Let’s Talk About: Male Love Interests – Where’s the Diversity?

male love interest

Let’s admit it guys: everyone has, in varying degrees, swooned over a Male Love Interest (MLI). Whether they were great characters that supported the protagonist in achieving their goal, are inherently good people, have good hearts, or contribute to the story, the love interest and the romance are, most of the time, one of the core elements of YA fiction.

In today’s Let’s Talk About, I’m not going to talk about why Male Love Interests are great, or how they are great. I’m not talking about their gooey insides. Today, I want to talk about how Male Love Interests, regardless of their personalities and idiosyncrasies, are pretty much all the same appearance-wise.

male love interest divider

MOST MALE LOVE INTERESTS PRETTY MUCH LOOK THE SAME 

Okay, maybe not the same down to the angle of their broken noses, but I believe most of them subscribe to the same masculine ideal archetype. You know, the Adonis, the buff-but-not-too-bulky, the ‘perfect’ man. To test this, I pulled out my YA books and eBooks and looked at how important male characters were described, especially as a first impression. This mostly involved me using Ctrl+F, searching ‘muscle’, ‘eyes’, ‘lean’… you get the picture. This is what I found:

Muscular/sculptured bodies or “lean”

“His shirt is tight enough that I can see his collarbone and his faint depression between this shoulder muscle and biceps.”
Tris describing Four, Divergent

“Long and leanly muscular, he dwarfed the molded plastic elementary school chair he was sitting in.”
– Hazel’s first impression of Augustus, The Fault in Our Stars

“He has the body of an Olympic swimmer, taut and muscled.”
– Peryn describing Raffe’s A+ body, Angelfall

Firm muscles embrace me from the space where the cushions used to be.”
– 
Peryn getting a nice, firm cuddle from Raffe, Angelfall

“His body is erect, 6 feet of gorgeous lean muscle, his profile strong and steady.”
– Juliette describing Adam, Shatter Me

Specific facial features, “sculpted”/likened to art

“He was also strikingly handsome, with the sort of sculpted cheekbones and angular features that you couldn’t help but notice, even if you did have a boyfriend.”
– Macy’s first impression of Wes, The Truth About Forever

“Emerald eyes studied us from a face that could have been sculpted by one of the classical artists I so admired.”
– Sydney describing my second husband Adrian, Bloodlines

“He looked like a fair-haired angel from a Rembrandt painting, except for that devilish mouth.”
– Clary talking about killing things with Jace, City of Bones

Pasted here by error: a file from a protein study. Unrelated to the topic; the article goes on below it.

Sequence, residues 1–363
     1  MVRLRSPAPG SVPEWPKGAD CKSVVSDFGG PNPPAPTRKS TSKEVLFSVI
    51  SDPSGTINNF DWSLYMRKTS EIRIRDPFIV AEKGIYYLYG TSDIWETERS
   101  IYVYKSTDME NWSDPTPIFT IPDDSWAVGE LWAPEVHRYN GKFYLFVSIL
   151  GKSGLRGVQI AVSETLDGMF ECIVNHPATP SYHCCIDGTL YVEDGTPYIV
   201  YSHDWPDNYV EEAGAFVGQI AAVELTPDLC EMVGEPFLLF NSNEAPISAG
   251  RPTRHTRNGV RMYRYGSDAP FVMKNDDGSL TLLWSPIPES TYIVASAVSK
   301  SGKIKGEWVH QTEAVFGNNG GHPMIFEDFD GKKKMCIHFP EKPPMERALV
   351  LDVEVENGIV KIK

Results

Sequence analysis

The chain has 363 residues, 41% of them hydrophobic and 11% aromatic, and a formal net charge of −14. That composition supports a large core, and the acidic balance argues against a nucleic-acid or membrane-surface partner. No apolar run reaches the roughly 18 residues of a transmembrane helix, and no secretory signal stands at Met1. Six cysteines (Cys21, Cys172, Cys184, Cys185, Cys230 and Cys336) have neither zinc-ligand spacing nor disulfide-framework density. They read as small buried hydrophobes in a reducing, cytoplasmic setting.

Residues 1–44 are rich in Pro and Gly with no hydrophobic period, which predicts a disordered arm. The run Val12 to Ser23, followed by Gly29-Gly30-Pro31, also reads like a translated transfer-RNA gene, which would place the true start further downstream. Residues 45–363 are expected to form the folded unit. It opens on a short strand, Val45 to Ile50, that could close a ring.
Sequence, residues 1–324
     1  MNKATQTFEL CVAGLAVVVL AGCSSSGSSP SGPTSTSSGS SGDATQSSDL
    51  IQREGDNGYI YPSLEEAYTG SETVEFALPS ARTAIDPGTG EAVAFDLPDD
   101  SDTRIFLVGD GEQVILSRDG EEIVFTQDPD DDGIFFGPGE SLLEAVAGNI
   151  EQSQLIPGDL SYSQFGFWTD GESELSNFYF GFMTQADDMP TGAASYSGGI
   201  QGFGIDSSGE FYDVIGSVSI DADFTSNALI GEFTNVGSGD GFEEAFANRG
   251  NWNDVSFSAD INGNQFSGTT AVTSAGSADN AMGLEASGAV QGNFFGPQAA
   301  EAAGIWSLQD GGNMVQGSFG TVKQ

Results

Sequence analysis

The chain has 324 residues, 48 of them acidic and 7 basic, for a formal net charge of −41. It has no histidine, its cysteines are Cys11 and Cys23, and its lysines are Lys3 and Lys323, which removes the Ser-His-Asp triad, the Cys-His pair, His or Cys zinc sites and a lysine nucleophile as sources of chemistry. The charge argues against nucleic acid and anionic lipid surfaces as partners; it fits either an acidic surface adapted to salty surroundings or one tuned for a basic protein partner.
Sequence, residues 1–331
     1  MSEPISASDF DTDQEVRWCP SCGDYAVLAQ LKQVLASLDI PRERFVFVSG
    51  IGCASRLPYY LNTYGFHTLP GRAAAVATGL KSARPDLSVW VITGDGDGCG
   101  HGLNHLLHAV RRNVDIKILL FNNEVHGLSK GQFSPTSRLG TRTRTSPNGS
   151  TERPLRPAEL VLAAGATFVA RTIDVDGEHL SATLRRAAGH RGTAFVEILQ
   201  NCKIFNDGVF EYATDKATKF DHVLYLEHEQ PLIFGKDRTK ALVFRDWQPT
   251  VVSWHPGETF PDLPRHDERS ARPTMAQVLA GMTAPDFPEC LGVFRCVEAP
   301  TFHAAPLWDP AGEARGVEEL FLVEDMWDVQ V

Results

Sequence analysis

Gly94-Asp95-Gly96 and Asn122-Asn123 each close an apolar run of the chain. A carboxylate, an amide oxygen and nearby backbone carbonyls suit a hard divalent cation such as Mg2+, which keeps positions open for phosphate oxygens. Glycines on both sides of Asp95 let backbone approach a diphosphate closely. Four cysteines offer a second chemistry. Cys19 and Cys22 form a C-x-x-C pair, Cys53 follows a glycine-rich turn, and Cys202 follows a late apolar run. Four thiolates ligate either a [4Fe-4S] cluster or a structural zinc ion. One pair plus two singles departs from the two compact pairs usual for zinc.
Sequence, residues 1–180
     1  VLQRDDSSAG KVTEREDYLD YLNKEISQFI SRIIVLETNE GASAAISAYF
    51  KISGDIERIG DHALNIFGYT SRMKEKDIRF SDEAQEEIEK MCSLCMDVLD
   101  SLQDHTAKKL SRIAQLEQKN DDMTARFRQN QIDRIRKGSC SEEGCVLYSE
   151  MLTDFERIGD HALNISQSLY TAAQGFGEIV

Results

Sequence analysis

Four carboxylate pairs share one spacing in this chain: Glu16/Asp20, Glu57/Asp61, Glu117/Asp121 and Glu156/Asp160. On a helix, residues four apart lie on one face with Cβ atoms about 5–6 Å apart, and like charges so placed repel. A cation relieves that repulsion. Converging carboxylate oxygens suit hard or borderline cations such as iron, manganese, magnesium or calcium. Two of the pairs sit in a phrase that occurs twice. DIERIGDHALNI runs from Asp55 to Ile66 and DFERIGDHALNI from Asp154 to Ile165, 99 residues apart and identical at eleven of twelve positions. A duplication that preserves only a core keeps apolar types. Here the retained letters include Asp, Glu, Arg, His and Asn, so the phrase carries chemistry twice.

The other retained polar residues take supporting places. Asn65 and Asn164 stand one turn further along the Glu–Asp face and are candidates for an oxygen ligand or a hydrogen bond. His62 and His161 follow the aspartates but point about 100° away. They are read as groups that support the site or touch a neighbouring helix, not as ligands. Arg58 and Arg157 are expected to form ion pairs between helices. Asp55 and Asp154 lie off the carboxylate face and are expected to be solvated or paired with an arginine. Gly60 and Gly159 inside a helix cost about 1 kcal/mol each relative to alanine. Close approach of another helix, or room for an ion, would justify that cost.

Blue eyes

“Yet there was something in his eyes, strikingly blue-the color of waters of the southern countries- and the way that it contrasted with his raven-black hair that made her pause.”
– Celeana seeing Dorian for the first time, Throne of Glass

“Sharp-featured and blue-eyed, he could freeze fire with his smile—he despises this pageantry.”
– Mare recognizing Cal, Red Queen

“He was lean, a few inches taller than me, with blond hair, and his eyes—a bright, piercing blue—never left my face.”
– 
Allison’s first impression of Zeke, The Immortal Rules

White and able-bodied

Pretty much all male love interests.

male love interest divider

BUT WHAT’S THE POINT OF IT?

Surely there’s a reason why this trend is so prevalent? When a male character’s physique is described, there are several intentions. Here are my ideas of why:

1. Males with great bodies = usually good people

When was the last time you saw a male villain’s body described in vivid detail, at least as much as the male love interest? In Psychology, there is a thing called misattribution of arousal – it means that when people are aroused (physically, sexually, emotionally) and their hearts are palpitating like they’re watching the finale of their favourite TV show, they mistake the cause of that arousal. For example, if you were running after the bus and your heart was racing and you were short in breath and had increased blood pressure, and you saw a somewhat attractive person, you might misattribute your physiological state to arousal for that person.

To an extent, I think that happens when we read about male characters – descriptions of their physique make us feel warm and fuzzy, and we assume that the character himself is making us feel warm and fuzzy. Maybe we end up falling in love with them too. But maybe that’s how attraction works? Maybe? (Well played, authors.)

2. Because “goals”

When we think about a fictional love interest (your absolute, ultimate #1, not your #8th fave), to an extent I think the characters we love reflect our own personal desires or what is sought after in a significant other. When we read about these love interests that set our hearts a-fluttering, they shape or reflect what we want.

And perhaps it is all an implicit process, but these descriptions are appealing to our ideals of beauty and what society generally perceives as attractive. So when you have a love interest that represents who we ever want in a person (mega-brownie points if they’re attractive — on second thought, maybe make it a prerequisite): “goals”.

3. Attractive male love interests sell